As many of my readers know, I have a keen dislike for regular expression based HTML sanitisation. Regular expressions simply do not understand HTML’s nested nature and the numerous possible HTML/CSS standards it must abide by. The result is that far too many developers try to program this understanding (and unfortunately their lack of comprehensive understanding) into home grown sanitisers using as little code and tests as possible.  It’s a horrendous and reprehensible practice that has created a large field of so-called sanitisers and XSS cleaners which are riddled with obvious vulnerabilities despite all their sincere and utterly false claims to the contrary. The perception of safety they create is almost always a fantasy. As I’ve said before, this serves only one purpose – to lend support to claims that PHP is insecure. And why disagree given PHP’s prominence on the internet and this continuing refusal by developers to just do the right thing and use a secure solution that really does work?

Since I’ve completed my research into a broad set of these, for now, I’ll close with a final example given its widespread usage, confusing documentation and lack of a clear disclosure to date of security vulnerabilities.

On April 7, EllisLab released CodeIgniter 2.0.2 as a security maintenance release prompted by a report I sent to EllisLab shortly before St. Paddy’s Day (around mid-March). That report indicated the expected response and my own disclosure policy. This blog post is being published in accordance with those. The disclosure to date of the vulnerabilities afflicting previous CodeIgniter versions is mentioned only in the CodeIgniter 2.0.2 news release (from April 7) as follows:

An update to both CodeIgniter Reactor and CodeIgniter Core (v 2.0.1) was released today. This is a security maintenance release and is a recommended update for all sites. The security fix patches a small vulnerability in the cross site scripting filter.

EllisLab’s news release for CodeIgniter 2.0.2 makes mention of “a small vulnerability”. This small vulnerability is mentioned no where else (not even the actual changelog for 2.0.2). In reality, I reported seven distinct vulnerabilities across two classes. These vulnerabilities might allow an attacker to inject arbitrary HTML, CSS or Javascript, i.e. Cross-Site Scripting (XSS) into an application’s output. It would be nice if, in the future, EllisLab aim for more accuracy in their news releases and disclosed both the number and nature of the security vulnerabilities fixed in their release changelogs.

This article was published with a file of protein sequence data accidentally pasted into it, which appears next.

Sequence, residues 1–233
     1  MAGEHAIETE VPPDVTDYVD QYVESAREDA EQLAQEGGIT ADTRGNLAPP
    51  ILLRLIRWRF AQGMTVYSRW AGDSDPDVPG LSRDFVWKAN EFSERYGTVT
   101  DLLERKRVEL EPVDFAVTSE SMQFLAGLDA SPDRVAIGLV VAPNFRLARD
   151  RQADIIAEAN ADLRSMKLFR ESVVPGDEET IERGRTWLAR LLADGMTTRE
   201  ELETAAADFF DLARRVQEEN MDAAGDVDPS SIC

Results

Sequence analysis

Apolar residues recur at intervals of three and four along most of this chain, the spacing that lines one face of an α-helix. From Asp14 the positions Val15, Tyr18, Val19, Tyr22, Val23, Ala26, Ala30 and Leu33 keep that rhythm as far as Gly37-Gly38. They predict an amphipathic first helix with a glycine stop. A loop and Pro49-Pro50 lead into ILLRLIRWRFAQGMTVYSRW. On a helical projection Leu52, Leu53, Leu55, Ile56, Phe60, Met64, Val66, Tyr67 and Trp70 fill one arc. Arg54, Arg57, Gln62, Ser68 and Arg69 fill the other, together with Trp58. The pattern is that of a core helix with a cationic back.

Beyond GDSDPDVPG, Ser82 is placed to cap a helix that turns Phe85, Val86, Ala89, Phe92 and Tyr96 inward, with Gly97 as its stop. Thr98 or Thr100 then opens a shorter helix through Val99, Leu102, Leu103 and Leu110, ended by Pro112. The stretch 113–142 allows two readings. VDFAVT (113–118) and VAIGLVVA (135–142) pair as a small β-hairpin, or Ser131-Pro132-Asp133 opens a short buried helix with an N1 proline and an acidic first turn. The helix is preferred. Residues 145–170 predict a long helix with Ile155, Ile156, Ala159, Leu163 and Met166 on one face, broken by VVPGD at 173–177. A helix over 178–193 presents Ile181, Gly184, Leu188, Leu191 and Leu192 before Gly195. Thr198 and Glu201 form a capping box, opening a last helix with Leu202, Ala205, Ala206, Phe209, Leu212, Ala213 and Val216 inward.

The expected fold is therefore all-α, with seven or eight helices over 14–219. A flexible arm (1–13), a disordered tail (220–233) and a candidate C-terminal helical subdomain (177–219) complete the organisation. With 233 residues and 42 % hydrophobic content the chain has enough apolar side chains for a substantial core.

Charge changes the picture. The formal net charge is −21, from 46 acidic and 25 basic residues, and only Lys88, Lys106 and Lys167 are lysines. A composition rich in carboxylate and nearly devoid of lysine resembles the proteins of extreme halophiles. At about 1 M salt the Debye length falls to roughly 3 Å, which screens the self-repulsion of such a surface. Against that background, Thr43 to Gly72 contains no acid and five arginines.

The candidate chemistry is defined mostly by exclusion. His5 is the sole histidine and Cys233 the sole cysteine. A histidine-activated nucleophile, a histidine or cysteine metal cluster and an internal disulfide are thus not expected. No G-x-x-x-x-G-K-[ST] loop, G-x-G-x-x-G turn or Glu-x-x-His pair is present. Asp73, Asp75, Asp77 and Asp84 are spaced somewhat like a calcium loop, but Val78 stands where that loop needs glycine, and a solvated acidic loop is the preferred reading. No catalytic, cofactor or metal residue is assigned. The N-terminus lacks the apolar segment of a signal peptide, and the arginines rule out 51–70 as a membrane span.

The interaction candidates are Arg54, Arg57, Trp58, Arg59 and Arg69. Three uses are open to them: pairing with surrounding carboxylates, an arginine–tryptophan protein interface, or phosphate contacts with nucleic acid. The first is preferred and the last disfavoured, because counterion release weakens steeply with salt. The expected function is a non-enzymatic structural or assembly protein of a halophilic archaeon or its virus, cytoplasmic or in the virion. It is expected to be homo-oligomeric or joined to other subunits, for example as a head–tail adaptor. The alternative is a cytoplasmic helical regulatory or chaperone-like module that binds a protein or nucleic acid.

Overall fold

Users of CodeIgniter 2.0.x and 1.7.x are strongly urged to upgrade to CodeIgniter 2.0.2 (or later) as soon as possible to avail of these critical security fixes.

In addition, users are urged to follow some basic steps when writing or updating CodeIgniter applications:

  1. Escape ALL data being injected into views using PHP’s htmlspecialchars() function, remembering to pass the character encoding being used as the third parameter. A helper function may be useful to keep the typing to a minimum.
  2. Use HTMLPurifier when you need to sanitise HTML data or user input such as HTML comments, HTML emails, or RSS/Atom content (basically any HTML you do not explicitly generate yourself!).
  3. Ensure that all HTML pages are served with a valid Content-Type HTTP header and/or a meta tag equivalent which also declares the charset for that page. Note that HTML5 offers a separate charset element for this purpose. This helps prevent character encoding based XSS attacks by informing the browser of the correct character encoding to use.
  4. Ensure that all views/templates distributed by third parties are likewise reviewed to ensure they utilise proper escaping and XSS sanitisation.

CodeIgniter is one of the most prominent “micro frameworks”, web application frameworks that prosper by offering their users unparalleled simplicity. It is unusual as a framework in that it does not make any reference to standard escaping mechanisms for views/templates such as the PHP htmlspecialchars() function anywhere in its source code, examples or documentation. This may create the unfortunate impression that users should instead filter input using an XSS filter function in the CI_Security class and do nothing on output. Users taking this approach may be particularly at risk from these security vulnerabilities.

My recommendation to the CodeIgniter developers, as documented in my original report, is to deprecate and remove the CI_Security class’ XSS filter. Responsible vendors should never persist in distributing and advocating the use of insecure software. I also urge them to revise their documentation to ensure that best security practice is noted in the area of writing views/templates and offer a shortcut function to an escaping mechanism for HTML output to standardise and ease its use by members.

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